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HEENAN AND SAYERS.-Continued.

But then the thirty-seventh round came on to be the last,
The Briton's friends they plainly saw their man was failing fast;
When Heenan gave him another blow, which made them feel
forlorn-

The Briton's friends jumped in the ring and said the fight was

drawn.

But Heenan called on Sayers again to come and fight it out,
But he was so badly punished he could scarcely open his mouth;
Heenan said: The fight is mine-and stood upon his ground—
Saying: I am the champion of the world, in the thirty-seventh
round.

THE VIRGIN MARY'S BANK.

THE evening star rose beauteous above the fading day,
As to the lone and silent beach the Virgin came to pray,
And hill and wave shone brightly in the moonlight's mellow fall;
But the bank of green where Mary knelt was brightest of them

all.

The master saw our Lady as he stood upon the prow;
And marked the whiteness of her robe-the radiance of her brow;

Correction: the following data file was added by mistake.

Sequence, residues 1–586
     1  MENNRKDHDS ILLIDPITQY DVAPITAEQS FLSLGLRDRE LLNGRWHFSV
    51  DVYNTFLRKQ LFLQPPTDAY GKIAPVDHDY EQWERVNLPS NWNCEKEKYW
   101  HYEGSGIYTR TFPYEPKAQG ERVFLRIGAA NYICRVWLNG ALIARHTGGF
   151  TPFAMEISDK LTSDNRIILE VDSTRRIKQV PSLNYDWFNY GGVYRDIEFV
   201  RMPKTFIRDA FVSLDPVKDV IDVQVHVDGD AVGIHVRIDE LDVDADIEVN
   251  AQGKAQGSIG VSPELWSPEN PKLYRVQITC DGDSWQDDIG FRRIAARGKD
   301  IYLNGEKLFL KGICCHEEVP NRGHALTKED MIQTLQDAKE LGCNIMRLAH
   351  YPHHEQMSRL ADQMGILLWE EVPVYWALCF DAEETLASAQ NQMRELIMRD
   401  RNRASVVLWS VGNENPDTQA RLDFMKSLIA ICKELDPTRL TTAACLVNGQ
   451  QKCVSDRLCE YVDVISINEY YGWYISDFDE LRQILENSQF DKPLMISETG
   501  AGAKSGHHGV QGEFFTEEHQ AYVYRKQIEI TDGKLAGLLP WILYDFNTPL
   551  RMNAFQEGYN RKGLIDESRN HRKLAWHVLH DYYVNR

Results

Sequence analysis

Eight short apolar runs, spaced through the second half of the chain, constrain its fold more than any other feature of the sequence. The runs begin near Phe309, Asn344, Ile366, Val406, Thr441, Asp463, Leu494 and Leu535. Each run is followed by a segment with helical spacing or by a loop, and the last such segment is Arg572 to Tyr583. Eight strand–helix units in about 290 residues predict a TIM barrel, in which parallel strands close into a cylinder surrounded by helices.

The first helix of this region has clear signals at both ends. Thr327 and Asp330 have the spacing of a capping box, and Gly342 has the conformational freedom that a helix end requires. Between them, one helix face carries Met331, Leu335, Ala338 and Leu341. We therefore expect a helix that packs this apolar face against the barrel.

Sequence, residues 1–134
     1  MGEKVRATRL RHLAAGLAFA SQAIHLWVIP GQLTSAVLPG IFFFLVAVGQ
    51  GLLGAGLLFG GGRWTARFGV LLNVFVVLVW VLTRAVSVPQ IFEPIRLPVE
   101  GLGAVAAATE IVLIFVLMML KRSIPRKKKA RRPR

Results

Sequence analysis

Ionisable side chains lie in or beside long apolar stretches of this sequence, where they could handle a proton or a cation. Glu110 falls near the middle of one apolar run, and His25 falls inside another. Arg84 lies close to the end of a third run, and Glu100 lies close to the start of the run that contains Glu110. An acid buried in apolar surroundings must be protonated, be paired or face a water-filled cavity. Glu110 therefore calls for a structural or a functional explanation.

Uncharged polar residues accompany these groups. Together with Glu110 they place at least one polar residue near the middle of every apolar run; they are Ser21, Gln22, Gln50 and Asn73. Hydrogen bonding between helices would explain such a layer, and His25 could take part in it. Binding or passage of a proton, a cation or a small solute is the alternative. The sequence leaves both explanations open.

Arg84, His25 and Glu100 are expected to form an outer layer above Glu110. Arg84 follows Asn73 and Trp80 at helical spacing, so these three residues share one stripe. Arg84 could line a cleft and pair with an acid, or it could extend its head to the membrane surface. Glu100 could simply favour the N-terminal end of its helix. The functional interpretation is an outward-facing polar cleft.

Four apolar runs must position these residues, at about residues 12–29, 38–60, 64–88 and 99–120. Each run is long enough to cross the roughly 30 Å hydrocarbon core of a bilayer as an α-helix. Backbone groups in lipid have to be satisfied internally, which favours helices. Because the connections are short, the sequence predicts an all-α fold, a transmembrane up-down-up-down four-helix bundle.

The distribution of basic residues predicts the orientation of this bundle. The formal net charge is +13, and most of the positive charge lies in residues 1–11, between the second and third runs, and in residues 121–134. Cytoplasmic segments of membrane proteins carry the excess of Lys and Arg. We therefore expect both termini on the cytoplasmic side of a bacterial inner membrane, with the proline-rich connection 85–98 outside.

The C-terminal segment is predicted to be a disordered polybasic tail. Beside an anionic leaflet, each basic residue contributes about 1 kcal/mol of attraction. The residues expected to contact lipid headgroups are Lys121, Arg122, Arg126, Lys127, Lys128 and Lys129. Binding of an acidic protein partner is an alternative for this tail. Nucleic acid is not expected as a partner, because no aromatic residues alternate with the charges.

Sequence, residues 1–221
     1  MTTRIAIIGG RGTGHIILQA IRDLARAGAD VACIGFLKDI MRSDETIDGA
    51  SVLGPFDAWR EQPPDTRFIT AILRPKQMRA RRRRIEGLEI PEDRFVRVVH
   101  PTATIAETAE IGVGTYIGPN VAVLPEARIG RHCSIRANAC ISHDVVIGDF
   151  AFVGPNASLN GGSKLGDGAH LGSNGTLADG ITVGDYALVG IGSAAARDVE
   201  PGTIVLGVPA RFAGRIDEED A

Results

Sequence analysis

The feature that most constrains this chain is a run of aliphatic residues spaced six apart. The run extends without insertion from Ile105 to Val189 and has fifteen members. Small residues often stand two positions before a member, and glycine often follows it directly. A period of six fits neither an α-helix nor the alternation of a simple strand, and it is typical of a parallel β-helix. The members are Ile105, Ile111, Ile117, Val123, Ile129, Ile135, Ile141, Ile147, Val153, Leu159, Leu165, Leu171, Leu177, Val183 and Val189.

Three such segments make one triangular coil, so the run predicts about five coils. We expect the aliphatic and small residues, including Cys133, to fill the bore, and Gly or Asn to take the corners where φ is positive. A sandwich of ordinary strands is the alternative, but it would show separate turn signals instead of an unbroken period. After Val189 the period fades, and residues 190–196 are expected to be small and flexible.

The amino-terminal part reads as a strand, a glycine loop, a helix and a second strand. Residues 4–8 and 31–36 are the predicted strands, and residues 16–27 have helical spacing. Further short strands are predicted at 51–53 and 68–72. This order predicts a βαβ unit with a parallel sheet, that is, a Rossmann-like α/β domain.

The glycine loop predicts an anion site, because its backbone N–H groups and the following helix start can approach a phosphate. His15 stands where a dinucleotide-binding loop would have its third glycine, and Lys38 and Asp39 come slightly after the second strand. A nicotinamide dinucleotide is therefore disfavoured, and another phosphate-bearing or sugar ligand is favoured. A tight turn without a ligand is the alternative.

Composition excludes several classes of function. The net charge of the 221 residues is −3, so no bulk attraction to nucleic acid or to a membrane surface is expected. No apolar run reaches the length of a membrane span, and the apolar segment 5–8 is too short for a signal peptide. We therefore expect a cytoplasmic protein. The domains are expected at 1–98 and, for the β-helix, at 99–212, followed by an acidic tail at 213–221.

Her arms were folded gracefully upon her stainless breast,
And her eyes look'd up among the stars to Him her soul lov'd
best.

He pressed her hand and said: " My darling,
Tell me the reason you changed your mind;
Or have I loved you to be degraded,

Tho' youth and innocence are in their
prime?

Slow moving o'er the waters, a gallant bark appeared,

For I am slighted and ill requited
For all the favors I did bestow;

And her joyous crew look'd from the deck as to the land she You'll surely tell me before I leave you,
Why you're inclined now to treat me so.'

39

He showed her to his sailors, and he hail'd her with a cheer,
And on the kneeling Virgin they gazed with laughter and jeer;
And madly swore, a form so fair, they never saw before;
And they curs'd the faint and lagging breeze that kept them
from the shore.

near'd;

To the calm and shelter'd haven she floated like a swan,

And her wings of snow o'er the waves below in pride and beauty With great acuteness she made him answer,

shone.

Saying: "On your favors I would rely,
But you might contrive to blast my glory,
And our marriage day you might hover by.